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A Tale of Two Cities: Resurrection

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A Tale of Two Cities: Resurrection It is Rig Veda who once said, "Life, death and rebirth are inevitable." Likewise, resurrection is an inevitable theme found throughout the plot of A Tale of Two Cities. Many of the characters in the novel are involved with the interlocking themes of love, redemption, and good versus evil. The theme of resurrection involves certain aspects of all of these themes and thus, brings the story together. The first of many to experience resurrection in A Tale of Two Cities is Dr. Manette. After being taken away from his pregnant wife, he is then imprisoned for eighteen devastating years. Over the course of these years, his sanity deteriorates to the point where he forgets his real name and mindlessly makes shoes to pass the time. In "Book the First", he is released by the French government and then put in the care of Monsieur Defarge. He is then suddenly "recalled to life" (19, 35). However, his rebirth has just begun and does not become complete until he is reunited with his daughter; Lucie Manette. ...read more.


The reader later realizes the significance of the activities of the resurrection-man in "Book the Third." In the battle of good versus evil in A Tale of Two Cities, good tends to resurrect or be resurrected, while the forces of evil mimic the theme of resurrection. This concept is shown twice in the novel by Old Foulon and Roger Cly. Old Foulon, the evil French aristocrat, fakes his own death so that he will not be slaughtered by the revolution. However, he is later then found alive and is murdered anyway. This pattern of false death and false resurrection is also followed by Roger Cly. He too is evil, faking his death and being "reborn" as a spy again in a different country. In "Book the Third," the theme of resurrection plays an essential role in the development of the plot. Miss Pross, Lucie's governess, recognizes the spy Barsad as her lost brother, Solomon. In the eyes of Miss Pross, Solomon is resurrected and her brother is restored. Sydney Carton, a quick-minded but depressed English alcoholic, meets Barsad and shortly after, Jerry Cruncher reveals to them that Roger Cly is in fact not dead. ...read more.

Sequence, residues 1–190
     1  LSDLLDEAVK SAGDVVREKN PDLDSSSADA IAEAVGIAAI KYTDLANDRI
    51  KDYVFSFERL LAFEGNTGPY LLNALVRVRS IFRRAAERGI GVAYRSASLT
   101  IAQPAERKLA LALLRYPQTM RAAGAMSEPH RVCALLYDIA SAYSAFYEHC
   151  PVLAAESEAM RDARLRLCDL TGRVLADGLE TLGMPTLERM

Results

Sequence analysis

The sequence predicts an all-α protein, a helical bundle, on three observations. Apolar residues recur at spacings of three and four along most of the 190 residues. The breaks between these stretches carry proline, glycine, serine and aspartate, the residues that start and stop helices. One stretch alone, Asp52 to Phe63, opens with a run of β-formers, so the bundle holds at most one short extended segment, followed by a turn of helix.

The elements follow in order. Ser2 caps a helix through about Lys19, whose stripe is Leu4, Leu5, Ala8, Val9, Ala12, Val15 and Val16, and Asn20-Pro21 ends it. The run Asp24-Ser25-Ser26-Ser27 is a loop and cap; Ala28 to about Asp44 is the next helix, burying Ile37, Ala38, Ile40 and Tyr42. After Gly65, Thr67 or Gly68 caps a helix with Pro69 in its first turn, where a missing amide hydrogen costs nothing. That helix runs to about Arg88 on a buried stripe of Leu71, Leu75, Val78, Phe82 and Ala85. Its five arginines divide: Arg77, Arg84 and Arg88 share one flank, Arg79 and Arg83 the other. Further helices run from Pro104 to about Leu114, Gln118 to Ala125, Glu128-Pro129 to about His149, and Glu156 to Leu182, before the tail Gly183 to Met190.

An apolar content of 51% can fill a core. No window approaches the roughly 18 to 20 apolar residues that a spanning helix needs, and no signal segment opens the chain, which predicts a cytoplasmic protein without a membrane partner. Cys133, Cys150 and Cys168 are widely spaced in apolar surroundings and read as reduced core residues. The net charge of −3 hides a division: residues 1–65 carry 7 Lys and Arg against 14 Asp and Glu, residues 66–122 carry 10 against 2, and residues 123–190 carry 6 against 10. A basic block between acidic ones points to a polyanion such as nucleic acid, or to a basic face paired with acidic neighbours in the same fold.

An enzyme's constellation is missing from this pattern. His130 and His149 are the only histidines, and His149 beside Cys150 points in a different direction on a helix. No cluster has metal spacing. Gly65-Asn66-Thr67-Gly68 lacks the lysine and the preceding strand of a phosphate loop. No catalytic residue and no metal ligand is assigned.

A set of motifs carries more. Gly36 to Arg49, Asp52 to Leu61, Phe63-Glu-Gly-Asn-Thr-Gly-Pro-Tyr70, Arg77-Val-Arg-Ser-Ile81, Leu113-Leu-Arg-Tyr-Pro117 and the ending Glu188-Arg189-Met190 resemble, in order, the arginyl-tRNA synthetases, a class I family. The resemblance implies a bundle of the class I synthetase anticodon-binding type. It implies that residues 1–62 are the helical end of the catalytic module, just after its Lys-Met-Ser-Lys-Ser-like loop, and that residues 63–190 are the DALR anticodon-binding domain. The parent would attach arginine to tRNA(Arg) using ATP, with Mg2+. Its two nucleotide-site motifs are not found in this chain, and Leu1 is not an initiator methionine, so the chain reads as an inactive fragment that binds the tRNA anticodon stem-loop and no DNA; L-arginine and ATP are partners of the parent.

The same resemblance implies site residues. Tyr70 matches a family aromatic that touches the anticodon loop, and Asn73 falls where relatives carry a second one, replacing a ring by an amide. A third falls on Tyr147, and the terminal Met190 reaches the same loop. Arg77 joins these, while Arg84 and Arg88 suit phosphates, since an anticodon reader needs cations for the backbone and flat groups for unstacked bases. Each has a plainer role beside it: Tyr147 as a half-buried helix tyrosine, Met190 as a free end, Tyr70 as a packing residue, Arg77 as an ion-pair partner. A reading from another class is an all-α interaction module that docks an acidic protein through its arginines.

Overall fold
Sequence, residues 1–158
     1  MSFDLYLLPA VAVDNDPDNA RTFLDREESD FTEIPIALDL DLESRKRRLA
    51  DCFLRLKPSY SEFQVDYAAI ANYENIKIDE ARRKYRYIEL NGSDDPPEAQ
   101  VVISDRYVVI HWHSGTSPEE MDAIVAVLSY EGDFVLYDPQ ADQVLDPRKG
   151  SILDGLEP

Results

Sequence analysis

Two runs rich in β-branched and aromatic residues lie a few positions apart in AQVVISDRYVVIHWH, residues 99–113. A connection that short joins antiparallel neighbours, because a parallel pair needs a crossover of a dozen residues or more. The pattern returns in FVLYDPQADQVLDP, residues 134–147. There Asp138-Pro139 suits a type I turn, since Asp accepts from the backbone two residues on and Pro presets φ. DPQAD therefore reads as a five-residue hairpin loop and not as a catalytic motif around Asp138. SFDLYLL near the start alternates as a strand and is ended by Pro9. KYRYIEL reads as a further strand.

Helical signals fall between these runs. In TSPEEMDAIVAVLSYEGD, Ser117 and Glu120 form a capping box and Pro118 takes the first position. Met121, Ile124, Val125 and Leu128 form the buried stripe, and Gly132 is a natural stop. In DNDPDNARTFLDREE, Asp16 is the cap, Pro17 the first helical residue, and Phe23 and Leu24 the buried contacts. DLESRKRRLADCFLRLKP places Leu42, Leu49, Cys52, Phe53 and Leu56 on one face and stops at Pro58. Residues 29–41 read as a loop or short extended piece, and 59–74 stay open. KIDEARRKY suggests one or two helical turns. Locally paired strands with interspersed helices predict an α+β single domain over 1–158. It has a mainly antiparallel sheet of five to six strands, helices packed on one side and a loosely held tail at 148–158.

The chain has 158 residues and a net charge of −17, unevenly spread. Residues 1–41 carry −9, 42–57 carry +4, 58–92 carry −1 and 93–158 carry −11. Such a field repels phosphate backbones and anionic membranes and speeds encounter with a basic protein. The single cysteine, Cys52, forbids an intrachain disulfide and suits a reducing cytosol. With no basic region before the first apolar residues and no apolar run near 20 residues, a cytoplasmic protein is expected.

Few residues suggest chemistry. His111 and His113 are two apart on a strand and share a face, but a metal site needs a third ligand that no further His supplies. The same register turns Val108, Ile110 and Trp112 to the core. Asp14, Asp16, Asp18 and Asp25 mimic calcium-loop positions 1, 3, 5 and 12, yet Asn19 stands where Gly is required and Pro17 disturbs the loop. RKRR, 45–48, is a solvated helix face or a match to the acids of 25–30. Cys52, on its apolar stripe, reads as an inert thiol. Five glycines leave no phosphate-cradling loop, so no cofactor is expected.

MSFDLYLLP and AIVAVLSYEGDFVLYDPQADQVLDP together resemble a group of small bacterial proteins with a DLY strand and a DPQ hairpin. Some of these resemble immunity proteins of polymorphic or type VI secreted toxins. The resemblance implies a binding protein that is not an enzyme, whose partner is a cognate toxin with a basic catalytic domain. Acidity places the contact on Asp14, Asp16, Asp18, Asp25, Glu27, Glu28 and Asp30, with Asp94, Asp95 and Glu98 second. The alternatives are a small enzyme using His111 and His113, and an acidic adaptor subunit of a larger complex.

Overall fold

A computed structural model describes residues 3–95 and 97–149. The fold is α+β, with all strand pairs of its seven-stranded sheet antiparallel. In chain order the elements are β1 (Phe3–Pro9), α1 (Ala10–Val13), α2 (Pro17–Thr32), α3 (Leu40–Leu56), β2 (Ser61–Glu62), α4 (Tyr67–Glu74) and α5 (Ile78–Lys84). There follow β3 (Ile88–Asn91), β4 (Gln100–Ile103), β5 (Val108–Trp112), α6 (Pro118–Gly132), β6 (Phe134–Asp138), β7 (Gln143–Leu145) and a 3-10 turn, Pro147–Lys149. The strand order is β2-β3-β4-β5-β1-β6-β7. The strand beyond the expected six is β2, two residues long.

The switch is done successfully and Carton then fully realizes what he has done. He does not back away from his inevitable death; instead, he embraces it. Knowing that his action will allow Lucie to live happily, Carton levels to a state of satisfaction. In his final moments before death, Carton is portrayed as some sort of God. He is giving up his life so that others may enjoy theirs. Just before he is beheaded, the words of Jesus are mentioned; "I am the Resurrection and the life, saith the Lord: he that believeth in me, though he were dead, yet shall live: and whosoever liveth and believeth in me shall never die" (366). After Carton is beheaded, Darnay and his family escape to England. The reader gets a brief glimpse of their life after they escape and how Sydney Carton is literally resurrected. Carton lives on and with the end of the book the final resurrection occurs. Capturing the style of Dickens' writing, A Tale of Two Cities contains the classic themes of love, redemption, and good versus evil which are all included in the use of the resurrection theme. ?? ?? ?? ?? 1 ...read more.

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